Greenies’ Guide to Twitter

What I don’t know about Twitter is a lot. And though I’m still quite new to it, have really been “wowed” with what I’ve found so far…a big change from being a skeptic as little as a month ago. Several articles I’d read previously made it seem trivial, with examples like “Tweeting about breakfast.” Sure, it might be social but important or valuable? Maybe not.

Hearing one friend’s story helped erase my doubts. She was in a brainstorming meeting where someone raised a question that no one in the room could answer. They checked Google but didn’t find answers there either. So someone put the question out to their Twitter network. Within five minutes, they had about 15 replies and brainstorming suggestions. And here’s the kicker…many of the ideas culled from the Twitter post were better than those in the room.

I know that finding/building a responsive network like this doesn’t just happen overnite. But it’s a great example of how the Web can enable communities to come together in real time to help solve problems.

Have I become a super user on Twitter? Well, no…at least not yet. I only follow a few dozen people right now and have put out under 100 tweets. I’m still getting my bearings and don’t always find the time, which makes it harder to build a network there. But I’ve come across some wonderful folks and some terrific information. A key thing I’ve learned about what makes for a good post…include a link. You can’t say much in 140 characters, but you can point people to information you think they’ll value. Sometimes, that’s all it takes. The other thing I quickly got over was worrying about how other people use Twitter. Like anything, you tune into what interests you and let others do the same.

Here are just a few of many cool articles and posts about Twitter that I found helpful (seems good things come in “10’s”):
Ten mythconceptions about Twitter
10 Easy Steps for Twitter Beginners
Ten tips for Twitter and life
The Rules to Twitter and Cricket (funny!)
Ten people all Twitter beginners should be following
— Guy Kawasaki’s “All my Twitter tips” post
— Jeff Levy’s blog post “How to talk to managers about social media
— Al Dominick’s Do’s and Don’ts (Twitter edition)
— Henry Brown’s post on “Safe twittering

GovLoop makes it easy to find other people who are tweeting about government related topics. See recent Twitter posts in the middle column on the GovLoop homepage. You may also want to check out the Twitteratti group on GovLoop. If you do, be sure to browse the comments, which have some info about how people are using Twitter along with a few useful tips. Here’s one more tip: when you find someone you think is really interesting, take a look at the tweets they’ve tagged as “favorites.” People use this for different purposes (sometimes I just want to remember a post for later) but it can be a great way to find other folks you want to keep up with.

You can find me on Twitter at @JosJoseph. Still, would be glad to hear what you’re up to. And please share if you have other favorite tips or links for folks starting out? Cheers, Josh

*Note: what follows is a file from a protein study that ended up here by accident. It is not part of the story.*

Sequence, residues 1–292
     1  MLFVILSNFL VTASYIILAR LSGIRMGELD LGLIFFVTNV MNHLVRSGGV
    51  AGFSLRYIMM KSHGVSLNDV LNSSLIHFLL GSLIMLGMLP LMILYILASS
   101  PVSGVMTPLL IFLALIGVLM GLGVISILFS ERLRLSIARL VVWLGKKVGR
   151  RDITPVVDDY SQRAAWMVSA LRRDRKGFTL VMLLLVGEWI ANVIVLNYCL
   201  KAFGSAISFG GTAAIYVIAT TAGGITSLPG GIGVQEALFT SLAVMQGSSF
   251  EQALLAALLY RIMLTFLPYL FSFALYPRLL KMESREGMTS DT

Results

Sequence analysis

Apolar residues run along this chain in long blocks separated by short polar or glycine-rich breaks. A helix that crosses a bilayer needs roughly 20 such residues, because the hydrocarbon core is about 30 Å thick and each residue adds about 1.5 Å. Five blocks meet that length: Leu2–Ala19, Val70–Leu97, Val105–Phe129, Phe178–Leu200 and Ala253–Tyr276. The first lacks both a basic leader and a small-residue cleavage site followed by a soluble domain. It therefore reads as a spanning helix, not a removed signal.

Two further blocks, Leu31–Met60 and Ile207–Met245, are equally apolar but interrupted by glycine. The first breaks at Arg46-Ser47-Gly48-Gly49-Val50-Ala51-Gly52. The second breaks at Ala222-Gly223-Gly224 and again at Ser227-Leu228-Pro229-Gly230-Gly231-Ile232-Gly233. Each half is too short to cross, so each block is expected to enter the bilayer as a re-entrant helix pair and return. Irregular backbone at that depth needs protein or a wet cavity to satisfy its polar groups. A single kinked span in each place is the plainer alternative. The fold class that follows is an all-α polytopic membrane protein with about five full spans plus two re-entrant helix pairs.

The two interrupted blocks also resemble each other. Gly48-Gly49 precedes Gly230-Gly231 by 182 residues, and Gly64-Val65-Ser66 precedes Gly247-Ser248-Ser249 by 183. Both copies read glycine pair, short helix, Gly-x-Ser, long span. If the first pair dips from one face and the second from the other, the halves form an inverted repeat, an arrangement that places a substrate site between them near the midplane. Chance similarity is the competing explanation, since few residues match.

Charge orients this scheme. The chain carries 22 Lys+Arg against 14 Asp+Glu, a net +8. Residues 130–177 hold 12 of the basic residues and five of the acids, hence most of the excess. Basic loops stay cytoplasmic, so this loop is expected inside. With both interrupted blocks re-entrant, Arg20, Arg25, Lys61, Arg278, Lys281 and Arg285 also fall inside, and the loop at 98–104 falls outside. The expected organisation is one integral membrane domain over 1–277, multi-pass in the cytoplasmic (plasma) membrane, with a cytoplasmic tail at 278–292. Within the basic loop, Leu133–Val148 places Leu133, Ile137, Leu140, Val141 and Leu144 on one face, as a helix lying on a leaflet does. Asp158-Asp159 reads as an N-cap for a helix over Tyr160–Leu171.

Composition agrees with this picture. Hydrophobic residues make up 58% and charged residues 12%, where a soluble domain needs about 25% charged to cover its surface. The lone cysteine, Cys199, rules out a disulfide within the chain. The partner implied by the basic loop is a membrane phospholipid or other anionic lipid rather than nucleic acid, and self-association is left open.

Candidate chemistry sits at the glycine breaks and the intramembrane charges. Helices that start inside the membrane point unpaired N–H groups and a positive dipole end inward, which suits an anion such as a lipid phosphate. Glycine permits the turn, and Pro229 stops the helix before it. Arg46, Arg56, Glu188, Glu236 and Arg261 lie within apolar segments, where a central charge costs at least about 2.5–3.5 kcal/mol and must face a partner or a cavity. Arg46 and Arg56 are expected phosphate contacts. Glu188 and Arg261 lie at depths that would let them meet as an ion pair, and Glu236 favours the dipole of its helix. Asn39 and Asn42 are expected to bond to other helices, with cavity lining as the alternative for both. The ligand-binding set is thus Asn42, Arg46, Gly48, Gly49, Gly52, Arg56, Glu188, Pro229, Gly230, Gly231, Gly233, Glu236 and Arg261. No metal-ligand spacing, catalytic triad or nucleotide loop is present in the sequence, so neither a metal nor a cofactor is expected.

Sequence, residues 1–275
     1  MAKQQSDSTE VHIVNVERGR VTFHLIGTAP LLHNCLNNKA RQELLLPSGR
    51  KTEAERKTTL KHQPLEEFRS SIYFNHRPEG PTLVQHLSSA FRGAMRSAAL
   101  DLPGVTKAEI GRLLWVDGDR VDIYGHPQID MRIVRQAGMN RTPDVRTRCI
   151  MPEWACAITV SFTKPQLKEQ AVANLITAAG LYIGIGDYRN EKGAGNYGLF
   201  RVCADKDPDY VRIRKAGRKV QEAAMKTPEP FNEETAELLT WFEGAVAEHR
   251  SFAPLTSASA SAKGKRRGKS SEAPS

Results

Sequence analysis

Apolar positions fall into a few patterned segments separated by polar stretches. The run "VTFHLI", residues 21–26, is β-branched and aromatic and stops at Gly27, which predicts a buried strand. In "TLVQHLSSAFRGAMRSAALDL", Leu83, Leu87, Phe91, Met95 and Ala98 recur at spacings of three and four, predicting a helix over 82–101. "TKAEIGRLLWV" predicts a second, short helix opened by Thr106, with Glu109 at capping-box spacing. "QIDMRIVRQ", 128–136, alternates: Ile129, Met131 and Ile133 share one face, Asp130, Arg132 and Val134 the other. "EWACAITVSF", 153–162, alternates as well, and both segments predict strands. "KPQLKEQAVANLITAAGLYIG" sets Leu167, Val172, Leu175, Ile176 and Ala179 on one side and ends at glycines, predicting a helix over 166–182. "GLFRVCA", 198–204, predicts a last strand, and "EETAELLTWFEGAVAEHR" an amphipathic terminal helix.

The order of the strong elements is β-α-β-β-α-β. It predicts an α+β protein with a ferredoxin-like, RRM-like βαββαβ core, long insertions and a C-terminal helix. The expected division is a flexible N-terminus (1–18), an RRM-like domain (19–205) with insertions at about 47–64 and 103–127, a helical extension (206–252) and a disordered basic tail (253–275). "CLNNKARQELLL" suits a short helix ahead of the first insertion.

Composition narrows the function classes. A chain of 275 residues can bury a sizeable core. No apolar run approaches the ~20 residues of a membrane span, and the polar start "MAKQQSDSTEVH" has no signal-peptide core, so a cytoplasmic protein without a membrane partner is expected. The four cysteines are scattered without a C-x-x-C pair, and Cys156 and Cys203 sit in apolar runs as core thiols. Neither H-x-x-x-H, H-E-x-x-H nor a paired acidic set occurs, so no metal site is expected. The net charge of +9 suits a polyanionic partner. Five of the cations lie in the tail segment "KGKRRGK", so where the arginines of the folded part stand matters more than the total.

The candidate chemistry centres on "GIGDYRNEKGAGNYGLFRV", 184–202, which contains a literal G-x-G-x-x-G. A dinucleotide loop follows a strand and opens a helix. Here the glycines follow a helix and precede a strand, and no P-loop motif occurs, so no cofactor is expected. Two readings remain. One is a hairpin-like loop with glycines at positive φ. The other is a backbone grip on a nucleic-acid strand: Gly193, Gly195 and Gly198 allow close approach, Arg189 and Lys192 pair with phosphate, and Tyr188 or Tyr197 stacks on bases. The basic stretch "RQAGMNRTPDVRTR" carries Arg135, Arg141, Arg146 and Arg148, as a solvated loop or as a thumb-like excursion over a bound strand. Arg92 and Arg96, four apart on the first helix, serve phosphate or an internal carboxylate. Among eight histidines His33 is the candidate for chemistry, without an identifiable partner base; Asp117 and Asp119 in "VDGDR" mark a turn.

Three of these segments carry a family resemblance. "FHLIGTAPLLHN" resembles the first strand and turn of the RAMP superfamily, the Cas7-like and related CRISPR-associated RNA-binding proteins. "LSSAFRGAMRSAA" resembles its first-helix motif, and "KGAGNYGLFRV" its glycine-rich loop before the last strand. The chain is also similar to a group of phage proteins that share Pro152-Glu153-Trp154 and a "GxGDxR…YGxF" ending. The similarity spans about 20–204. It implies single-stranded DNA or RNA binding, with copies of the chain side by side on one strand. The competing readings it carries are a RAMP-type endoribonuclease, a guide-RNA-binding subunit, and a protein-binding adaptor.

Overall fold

p.s. New to GovLoop or this blog? Backstory on why I started it here. The “greenies” blog will be a regular feature on the Go! GovLoop for New Members group. Would also like to open it up to guest bloggers. So if you have a good idea and want to write an upcoming greenies blog, just let me know.

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Adriel Hampton

Nice post, Joshua. I would add that building a network requires contributing to it. Twitter has a high fall-off rate because people expect to shoot questions into the void (or to celebreties) and get a magic answer. The heart of usefulness on Twitter is people helping people.
For folks interested in the Gov 2.0 movement, @GovWiki is an account that simply re-posts content from that community.

Lisa Coates

Good information Joshua. I was needing to find some additional information on Twitter. You’ve made it easier, thanks!

Joshua joseph

Adriel, Lisa and Ari – thanks for your comments and for the additional links. I hope others check them out. Ari, what’s nice about Twitter is that you can get a lot even with limited time to spend. Hope that’s a takeaway for other new folks…there are many ways to benefit.

Jeffrey Levy

Good points in both your post and comments!

I’ve found Twitter to be an essential professional research and networking tool, and have personally experienced what your friend did during the brainstorming session. I’ve also had to explain to many people why it’s useful. I discussed both of those in my blog posts “Twitter to the Rescue!” and “Why I Tweet.”

Joshua joseph

Thanks for sharing these links, Jeff. You’ve got lots more info and good examples. Hearing about/seeing the different ways people use Twitter has definitely helped me see the broader possibilities. Also is a great incentive to put a few toes in the water.

Jeffrey Levy

Joshua, I had another experience last night and this morning. Since I can’t keep my mouth shut, and do things like offer free webinars on gov’t 2.0 topics, random ppl invite me to connect on LinkedIn. Now, I thought the whole point of that site was personal references, so you weren’t supposed to accept invites from people you don’t know. But I was getting so many, i wondered if I had that straight. So I tweeted that question.

Universally, the response was agreement with my approach. So my Twitter network helped give me more confidence I was using another tool well.

Lisa Coates

Good blog, Ari. All of the posts by Twitter users really give me ideas on the uses of Twitter.

Jeffrey, Thanks for sharing.